“This is a significant step forward in the battle against COVID-19, much of which has revolved around our inability to keep society moving with the constant background threat of infection,” said Greg Compton, CEO of iAbra, a neural networking image analysis startup founded in Bedfordshire, UK, in 2010. “Our system allows simple, high speed, reliable and low-cost testing in dynamic environments. In short, with the Virolens system, we can get the world moving again.”

Internal testing of the system has shown 99.8% sensitivity and 96.7% specificity. It has also been trialled at London Heathrow Airport, but the system would need further trials to demonstrate its accuracy and effectiveness.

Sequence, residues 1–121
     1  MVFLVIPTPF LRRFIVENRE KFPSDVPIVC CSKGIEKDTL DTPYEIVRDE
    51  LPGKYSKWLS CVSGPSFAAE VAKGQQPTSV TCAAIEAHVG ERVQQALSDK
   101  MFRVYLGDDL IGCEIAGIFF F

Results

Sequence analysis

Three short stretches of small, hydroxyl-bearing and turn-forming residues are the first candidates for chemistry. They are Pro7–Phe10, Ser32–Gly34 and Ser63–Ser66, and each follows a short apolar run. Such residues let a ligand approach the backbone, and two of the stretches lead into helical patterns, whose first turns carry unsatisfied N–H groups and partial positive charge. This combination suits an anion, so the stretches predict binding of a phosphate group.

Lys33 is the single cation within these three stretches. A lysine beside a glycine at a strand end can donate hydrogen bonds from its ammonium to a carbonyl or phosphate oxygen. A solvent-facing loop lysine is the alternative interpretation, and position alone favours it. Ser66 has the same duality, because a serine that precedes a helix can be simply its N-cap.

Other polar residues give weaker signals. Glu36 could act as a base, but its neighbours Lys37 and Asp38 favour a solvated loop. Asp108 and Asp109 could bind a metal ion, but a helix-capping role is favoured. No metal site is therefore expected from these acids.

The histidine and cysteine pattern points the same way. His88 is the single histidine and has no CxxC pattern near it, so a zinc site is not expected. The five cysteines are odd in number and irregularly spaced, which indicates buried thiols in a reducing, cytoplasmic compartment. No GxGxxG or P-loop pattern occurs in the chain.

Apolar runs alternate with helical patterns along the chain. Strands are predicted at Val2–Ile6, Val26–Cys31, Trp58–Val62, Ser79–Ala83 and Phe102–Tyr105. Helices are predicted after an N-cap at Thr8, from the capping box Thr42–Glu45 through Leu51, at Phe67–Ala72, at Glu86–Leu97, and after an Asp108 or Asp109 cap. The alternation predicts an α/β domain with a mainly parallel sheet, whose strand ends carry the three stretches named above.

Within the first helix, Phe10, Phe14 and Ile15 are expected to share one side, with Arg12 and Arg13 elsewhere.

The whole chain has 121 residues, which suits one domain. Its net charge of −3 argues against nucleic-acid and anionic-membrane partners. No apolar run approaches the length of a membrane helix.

As the exclusive manufacturing partner, TT Electronics has custom parts in the design, and expects that the deal could be worth up to £280m. “Providing critical products and services to support life-saving and other essential technology, including medical applications, lies at the heart of what TT does,” said Richard Tyson, CEO of TT Electronics. “Virolens has the potential to be a

 

Lets assume the system works. The market is going to be quite a bit bigger than '280m' FFS.

 

Here's the DNAnudge, the competitor, Im led to believe.

https://www.dnanudge.com/

 

The DnaBand. Choose a colour combination and wear your digital DNA. Your own DNA can now be your guide every time you shop, nudging you towards healthier choices.

 

 

??????????

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16 minutes ago, Melchett said:

So ridiculous I wonder how the fuck they are not falling foul of the very real regulations on developing, verifying, validating and gaining approval to market medical diagnostic devices and ending up in prison for fraud to boot.